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  5. You know, I consider myself a peaceful person. I subscribe to John Wesley’s philosophy of Do No Harm, Do All The Good You Can, and Stay In Love With God… But what this woman makes me feel (from day 1) is certainly NOT in line with those values… Someone should make her go sit in each of those schools for a month! As a student. Disguised as black! Grrrrrrrrrrrrrrrr… If I was a white parent and that was happening to non-white kids in my kids’ schools, I would have pulled them out. We know what it’s like to have a non-white daughter.

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    • I fully agree with you. I would love to see her brought down … made to live without her wealth for a while to see what other people go through. I’m uncertain why she even wanted this job, for she certainly doesn’t need the money and she is against public schooling, has said many times that it isn’t an effective use of money. Along with wishing to see her life a life of poverty for, say, a year, I’d like to see her have to do it in a predominantly poor, black neighborhood. Perhaps she would learn some humility and compassion?

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      • Wouldn’t it be interesting to make something like that a requirement before a candidate can run for office? I wonder how many of them would lose interest very quickly. Let’s face it. Even science tells us their minds are not wired like normal people. They need to go to the school of hard knocks for awhile.

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        • Most of them would turn tail and run after the first night. There was a politician … oh, it’s been several years ago, but I believe he was in California … and he spent a week living among the homeless just because he wanted to understand their challenges, their lives. I so admired him for that! I need to look that one back up … might make a nice post. And yes, experience is the best teacher, and it seems to me that these rich, privileged ones have no real life experiences, for they were mostly born into the lap of luxury. Makes them pretty shallow, self-focused individuals, I think.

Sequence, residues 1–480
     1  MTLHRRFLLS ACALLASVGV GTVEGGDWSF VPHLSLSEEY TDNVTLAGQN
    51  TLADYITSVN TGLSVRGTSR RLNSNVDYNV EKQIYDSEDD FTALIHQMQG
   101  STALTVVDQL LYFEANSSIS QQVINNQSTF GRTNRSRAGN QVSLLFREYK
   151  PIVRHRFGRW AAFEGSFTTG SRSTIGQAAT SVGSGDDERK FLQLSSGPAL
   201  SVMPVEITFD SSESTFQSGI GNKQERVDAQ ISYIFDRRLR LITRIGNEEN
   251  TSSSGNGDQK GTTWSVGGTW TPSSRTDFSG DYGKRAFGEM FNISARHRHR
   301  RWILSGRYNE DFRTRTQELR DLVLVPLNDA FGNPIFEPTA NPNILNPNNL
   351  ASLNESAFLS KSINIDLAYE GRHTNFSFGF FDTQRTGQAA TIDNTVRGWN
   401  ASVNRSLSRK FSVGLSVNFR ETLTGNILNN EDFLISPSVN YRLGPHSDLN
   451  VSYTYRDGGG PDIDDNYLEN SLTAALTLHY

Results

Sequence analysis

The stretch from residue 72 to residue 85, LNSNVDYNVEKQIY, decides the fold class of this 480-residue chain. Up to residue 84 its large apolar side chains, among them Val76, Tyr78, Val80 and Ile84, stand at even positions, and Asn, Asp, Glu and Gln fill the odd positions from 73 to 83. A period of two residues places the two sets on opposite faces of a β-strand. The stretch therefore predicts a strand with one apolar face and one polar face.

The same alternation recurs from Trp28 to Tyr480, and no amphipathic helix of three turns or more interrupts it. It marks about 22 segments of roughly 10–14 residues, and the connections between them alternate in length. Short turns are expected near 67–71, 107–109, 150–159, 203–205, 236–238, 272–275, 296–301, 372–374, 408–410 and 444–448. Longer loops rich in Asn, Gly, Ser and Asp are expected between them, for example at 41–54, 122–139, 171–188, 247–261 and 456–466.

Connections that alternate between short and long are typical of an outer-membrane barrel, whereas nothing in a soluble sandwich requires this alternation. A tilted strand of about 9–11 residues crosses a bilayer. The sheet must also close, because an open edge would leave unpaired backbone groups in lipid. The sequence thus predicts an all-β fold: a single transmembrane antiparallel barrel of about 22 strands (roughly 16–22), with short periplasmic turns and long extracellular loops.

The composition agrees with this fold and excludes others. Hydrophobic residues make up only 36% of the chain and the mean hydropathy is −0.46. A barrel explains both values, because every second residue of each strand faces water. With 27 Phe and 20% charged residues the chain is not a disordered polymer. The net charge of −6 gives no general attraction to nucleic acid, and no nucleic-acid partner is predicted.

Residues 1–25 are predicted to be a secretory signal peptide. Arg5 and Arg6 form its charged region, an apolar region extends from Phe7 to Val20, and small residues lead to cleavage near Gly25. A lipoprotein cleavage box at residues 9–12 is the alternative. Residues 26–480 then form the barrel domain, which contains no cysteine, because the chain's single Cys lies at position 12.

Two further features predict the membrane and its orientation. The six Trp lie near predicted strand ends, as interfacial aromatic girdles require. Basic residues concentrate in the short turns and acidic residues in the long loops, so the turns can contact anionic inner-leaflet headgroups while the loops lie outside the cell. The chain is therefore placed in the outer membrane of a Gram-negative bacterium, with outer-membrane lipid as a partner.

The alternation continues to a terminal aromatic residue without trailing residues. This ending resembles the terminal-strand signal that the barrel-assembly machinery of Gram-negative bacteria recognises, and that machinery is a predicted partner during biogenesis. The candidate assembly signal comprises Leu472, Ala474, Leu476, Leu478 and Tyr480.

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  6. Trump complains about all of his appointments that have not made it through congress. With the quality of individuals he selects and his revolving door turnover, it’s not surprising. She is a waste of a cabinet position that is advancing her anti-public school agenda. My 10 year old loves school, but Ms. Devos may be the reason we turn to home schooling.

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    • True … and with a more conscionable Congress, more of his nominees would have been rejected, such as Pruitt and DeVos. Those two stand to do the most long-term damage, I think. Homeschooling can be very rewarding, as I found when my daughter and I shared homeschooling duties for my granddaughter (now age 23). But the one drawback is the lack of socialization, and Natasha is still not at all comfortable around other people. Hopefully things turn around quickly and your son can remain in school, especially since he loves it.

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      • Very true. When you look at what’s happening with the flippant nomination of his doctor as HHS secretary, it’s a mess where he is the boy-king and we are subject to his whims. At least a federal court shut down his quest to end DACA. I just can’t believe he’s still in office.

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        • Yes, I applaud the court for telling him, for the third time, that unless he has good, provable reason, he cannot shut down DACA. I am concerned, though, for it looks like the Supreme Court is poised to give him his way with the Muslim travel ban. Kennedy is even leaning in favour of Trump, which surprises me.